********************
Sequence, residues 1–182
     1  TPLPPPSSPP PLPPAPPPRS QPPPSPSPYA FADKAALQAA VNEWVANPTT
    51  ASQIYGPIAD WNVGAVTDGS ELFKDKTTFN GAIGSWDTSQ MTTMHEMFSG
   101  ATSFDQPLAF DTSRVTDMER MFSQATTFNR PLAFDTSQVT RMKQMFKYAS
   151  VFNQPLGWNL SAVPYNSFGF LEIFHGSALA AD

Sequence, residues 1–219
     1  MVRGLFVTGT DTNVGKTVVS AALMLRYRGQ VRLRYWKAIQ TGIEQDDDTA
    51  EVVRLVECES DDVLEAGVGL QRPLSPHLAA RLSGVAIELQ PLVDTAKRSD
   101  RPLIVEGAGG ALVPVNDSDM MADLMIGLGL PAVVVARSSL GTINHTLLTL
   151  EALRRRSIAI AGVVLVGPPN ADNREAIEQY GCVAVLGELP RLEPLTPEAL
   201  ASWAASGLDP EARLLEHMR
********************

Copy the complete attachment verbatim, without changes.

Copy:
Sequence, residues 1–182
     1  TPLPPPSSPP PLPPAPPPRS QPPPSPSPYA FADKAALQAA VNEWVANPTT
    51  ASQIYGPIAD WNVGAVTDGS ELFKDKTTFN GAIGSWDTSQ MTTMHEMFSG
   101  ATSFDQPLAF DTSRVTDMER MFSQATTFNR PLAFDTSQVT RMKQMFKYAS
   151  VFNQPLGWNL SAVPYNSFGF LEIFHGSALA AD

Sequence, residues 1–219
     1  MVRGLFVTGT DTNVGKTVVS AALMLRYRGQ VRLRYWKAIQ TGIEQDDDTA
    51  EVVRLVECES DDVLEAGVGL QRPLSPHLAA RLSGVAIELQ PLVDTAKRSD
   101  RPLIVEGAGG ALVPVNDSDM MADLMIGLGL PAVVVARSSL GTINHTLLTL
   151  EALRRRSIAI AGVVLVGPPN ADNREAIEQY GCVAVLGELP RLEPLTPEAL
   201  ASWAASGLDP EARLLEHMR